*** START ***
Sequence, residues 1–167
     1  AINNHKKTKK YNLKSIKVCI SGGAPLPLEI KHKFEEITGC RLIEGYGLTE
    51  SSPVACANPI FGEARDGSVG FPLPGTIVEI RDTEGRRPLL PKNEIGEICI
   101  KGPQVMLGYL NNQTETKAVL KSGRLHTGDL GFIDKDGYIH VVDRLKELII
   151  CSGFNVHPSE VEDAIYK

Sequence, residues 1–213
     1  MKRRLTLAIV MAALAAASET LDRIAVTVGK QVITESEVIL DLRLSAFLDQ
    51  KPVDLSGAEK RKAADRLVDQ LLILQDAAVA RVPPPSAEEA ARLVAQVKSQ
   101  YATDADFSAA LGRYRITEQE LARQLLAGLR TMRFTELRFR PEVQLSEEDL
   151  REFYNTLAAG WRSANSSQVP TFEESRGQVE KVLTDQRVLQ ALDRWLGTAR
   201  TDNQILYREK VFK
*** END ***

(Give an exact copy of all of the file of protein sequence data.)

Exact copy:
Sequence, residues 1–167
     1  AINNHKKTKK YNLKSIKVCI SGGAPLPLEI KHKFEEITGC RLIEGYGLTE
    51  SSPVACANPI FGEARDGSVG FPLPGTIVEI RDTEGRRPLL PKNEIGEICI
   101  KGPQVMLGYL NNQTETKAVL KSGRLHTGDL GFIDKDGYIH VVDRLKELII
   151  CSGFNVHPSE VEDAIYK

Sequence, residues 1–213
     1  MKRRLTLAIV MAALAAASET LDRIAVTVGK QVITESEVIL DLRLSAFLDQ
    51  KPVDLSGAEK RKAADRLVDQ LLILQDAAVA RVPPPSAEEA ARLVAQVKSQ
   101  YATDADFSAA LGRYRITEQE LARQLLAGLR TMRFTELRFR PEVQLSEEDL
   151  REFYNTLAAG WRSANSSQVP TFEESRGQVE KVLTDQRVLQ ALDRWLGTAR
   201  TDNQILYREK VFK